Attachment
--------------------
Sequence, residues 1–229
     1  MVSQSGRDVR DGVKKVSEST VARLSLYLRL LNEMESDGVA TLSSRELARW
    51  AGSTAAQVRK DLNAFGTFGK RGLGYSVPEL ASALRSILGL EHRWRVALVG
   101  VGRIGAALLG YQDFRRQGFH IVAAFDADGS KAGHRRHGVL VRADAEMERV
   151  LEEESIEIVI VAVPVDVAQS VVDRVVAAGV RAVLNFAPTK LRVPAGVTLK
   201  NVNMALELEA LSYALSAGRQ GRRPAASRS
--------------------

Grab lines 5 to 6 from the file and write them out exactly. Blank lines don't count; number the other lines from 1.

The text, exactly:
   151  LEEESIEIVI VAVPVDVAQS VVDRVVAAGV RAVLNFAPTK LRVPAGVTLK
   201  NVNMALELEA LSYALSAGRQ GRRPAASRS